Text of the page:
Seeking God During Workplace Burnout

By Tacoi Bell

This post was written by Tacoi Bell of The Anointed Editorial. To connect with Tacoi, see the information in the bio at the end of this post.

We live in a culture that supports working to the brink of exhaustion. If we don’t subscribe to “hustle culture,” to constant late nights and early mornings, we’ve been conditioned to believe that we just don’t want to achieve success.

Believers also subscribe to this idea. At times, we submit to the culture we see more than we submit to the godly kingdom to which we are citizens. This has resulted in many of us begrudgingly continuing on in the work that God assigned us to do. We no longer pray with joy concerning our next ministry assignment at work. We simply want to clock in, do what is required of us, and go home. We even contemplate quitting when we know God intentionally planted us there. I truly believe God never wanted his children to work to the bone  and this is why it’s important that we seek God when we experience burnout.

God Honors Rest

And on the seventh day God finished his work that he had done, and he rested on the seventh day from all his work that he had done. So God blessed the seventh day and made it holy, because on it God rested from all his work that he had done in creation. (Genesis 2:2–3, ESV)

As Christ-followers, every example we could ever hope to follow is found in the Word of God. God gives us an example of the importance of rest in his story  of creation. After working tirelessly for seven days to create the sun, the moon, the earth, and every creature therein, Genesis 2 tells us that God rested. Our Father created everything, including the idea of rest.

We can further see how much rest means to God when we examine the earthly ministry of Jesus. Often when Mark 4 is preached, many sermons are taught on how Jesus showcased his power by commanding the storm to be still. However, I’m amazed that he was asleep and had to be awakened to deal with this storm. All of this was on the heels of a full day of teaching to a crowd of people. Our Savior needed his rest and he was going to get it, even in the midst of uncertain circumstances.

A woman sits in front of a laptop with her her hands on either side of her head.

Seeking God During Seasons of Burnout

In consideration of the idea of rest, Matthew 11:28–30 holds a true gem. It says

‘Come to me, all who labor and are heavy laden, and I will give you rest. Take my yoke upon you, and learn from me, for I am gentle and lowly in heart, and you will find rest for your souls. For my yoke is easy, and my burden is light.’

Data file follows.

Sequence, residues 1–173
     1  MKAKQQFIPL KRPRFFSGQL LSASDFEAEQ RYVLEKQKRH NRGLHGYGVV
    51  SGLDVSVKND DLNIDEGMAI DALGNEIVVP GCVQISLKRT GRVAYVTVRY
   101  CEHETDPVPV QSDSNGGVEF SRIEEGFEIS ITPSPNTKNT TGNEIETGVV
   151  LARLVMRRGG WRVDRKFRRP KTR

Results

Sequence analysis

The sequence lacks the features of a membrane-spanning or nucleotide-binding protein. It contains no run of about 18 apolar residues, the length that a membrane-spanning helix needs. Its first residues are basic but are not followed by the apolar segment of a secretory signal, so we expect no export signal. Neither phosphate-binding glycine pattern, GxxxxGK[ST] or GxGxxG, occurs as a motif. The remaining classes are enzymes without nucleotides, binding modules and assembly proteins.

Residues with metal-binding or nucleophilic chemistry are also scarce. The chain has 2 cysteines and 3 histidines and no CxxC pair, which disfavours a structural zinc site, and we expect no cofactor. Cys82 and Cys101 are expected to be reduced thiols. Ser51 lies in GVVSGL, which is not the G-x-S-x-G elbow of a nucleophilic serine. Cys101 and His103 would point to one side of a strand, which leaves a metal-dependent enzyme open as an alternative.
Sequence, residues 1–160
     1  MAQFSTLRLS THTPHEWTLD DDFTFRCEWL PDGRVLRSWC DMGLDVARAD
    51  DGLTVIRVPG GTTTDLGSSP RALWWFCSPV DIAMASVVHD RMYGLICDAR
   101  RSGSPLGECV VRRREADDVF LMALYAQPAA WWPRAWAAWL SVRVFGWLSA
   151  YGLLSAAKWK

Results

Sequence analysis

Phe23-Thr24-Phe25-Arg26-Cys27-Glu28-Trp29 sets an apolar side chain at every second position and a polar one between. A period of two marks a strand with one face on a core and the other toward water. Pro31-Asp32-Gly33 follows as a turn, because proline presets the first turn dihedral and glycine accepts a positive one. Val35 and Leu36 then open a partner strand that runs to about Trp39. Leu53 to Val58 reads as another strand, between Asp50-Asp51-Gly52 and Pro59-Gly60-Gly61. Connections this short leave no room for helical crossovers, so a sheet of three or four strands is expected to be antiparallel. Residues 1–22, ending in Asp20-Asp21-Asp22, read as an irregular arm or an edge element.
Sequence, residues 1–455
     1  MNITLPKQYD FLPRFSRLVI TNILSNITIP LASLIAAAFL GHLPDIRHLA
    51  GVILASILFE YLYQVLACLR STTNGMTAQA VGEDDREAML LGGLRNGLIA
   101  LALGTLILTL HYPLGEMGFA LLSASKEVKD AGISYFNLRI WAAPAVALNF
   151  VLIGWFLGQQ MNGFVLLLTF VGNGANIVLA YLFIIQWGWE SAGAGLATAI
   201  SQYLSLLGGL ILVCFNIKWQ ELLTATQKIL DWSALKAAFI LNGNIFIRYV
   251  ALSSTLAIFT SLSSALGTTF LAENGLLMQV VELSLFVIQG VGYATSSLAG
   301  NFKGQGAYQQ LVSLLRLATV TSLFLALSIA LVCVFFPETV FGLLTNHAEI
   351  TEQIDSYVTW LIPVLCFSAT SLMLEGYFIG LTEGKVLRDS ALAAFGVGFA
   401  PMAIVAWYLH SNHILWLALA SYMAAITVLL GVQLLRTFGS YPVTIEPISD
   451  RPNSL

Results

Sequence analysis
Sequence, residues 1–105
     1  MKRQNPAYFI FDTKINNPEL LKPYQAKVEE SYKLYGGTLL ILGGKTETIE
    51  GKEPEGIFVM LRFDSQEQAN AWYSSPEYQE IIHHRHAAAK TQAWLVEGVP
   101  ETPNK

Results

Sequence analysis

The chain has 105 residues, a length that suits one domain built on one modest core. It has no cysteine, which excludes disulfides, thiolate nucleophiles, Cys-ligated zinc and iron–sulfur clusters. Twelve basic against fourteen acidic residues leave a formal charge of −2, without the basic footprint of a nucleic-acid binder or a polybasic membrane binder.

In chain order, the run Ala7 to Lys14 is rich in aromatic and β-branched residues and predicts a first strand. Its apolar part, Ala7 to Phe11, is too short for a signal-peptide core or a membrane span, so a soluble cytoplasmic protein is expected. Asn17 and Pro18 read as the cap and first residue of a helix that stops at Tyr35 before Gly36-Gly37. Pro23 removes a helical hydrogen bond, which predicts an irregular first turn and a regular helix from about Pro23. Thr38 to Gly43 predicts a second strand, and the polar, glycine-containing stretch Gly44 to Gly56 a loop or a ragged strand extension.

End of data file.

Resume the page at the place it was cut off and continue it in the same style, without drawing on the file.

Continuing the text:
Jesus is aware that we must work. But work was never meant to weigh us down. The work that we once used to  do with joy now feels like a burden to our soul, and that was never the design God intended when he told us to love and serve one another. Matthew 11 reminds us that when we feel this way we can find rest for our very souls through Jesus. He also gives us other tangible examples in Scripture:

Prioritizing Self-Care

Everyone has heard the mantra “you can’t pour from an empty cup.” This saying has relevance in the lives of believers. We are told in the Bible that Jesus would often go off alone. The Scriptures say that he would pray, but I like to think that he did more than that. Jesus needed to recharge his battery for the work that God had set out for him to accomplish. The same is true for us: It is never a bad thing to prioritize self-care to ensure that we can properly take care of others.

The Importance of Prayer

As mentioned above, Jesus would often go off into the wilderness alone to pray. Prayer is a powerful weapon in the arsenal of the believer, and at times, sorely underutilized. But prayer is our direct line of communication with our heavenly Father who is a great source of encouragement, love, peace, joy, and strength for Christ-followers. We should be constantly plugged into heaven just as Jesus was.

Finding a Community for Support 

Jesus literally built a community of support from scratch. He had twelve disciples with him at all times and when in his final moments, he had his three closest followers with him to lean on for support — though I’m aware that it’s debatable if they truly supported him. The point is that we can’t do anything in a vacuum. We need others around us who can pray for us and inspire us to keep going.

God honors the seasons when we sincerely push to see his will come to pass in our workplaces, but he also honors those seasons where we need to retreat and gain our vigor yet again. Both conditions are necessary and unavoidable. Leaning into wherever we find ourselves still brings glory to God and better equips us for our marketplace mission. 

Featured photo by Resume Genius on Unsplash; in-text photo by Andrea Piacquadio on Pexels


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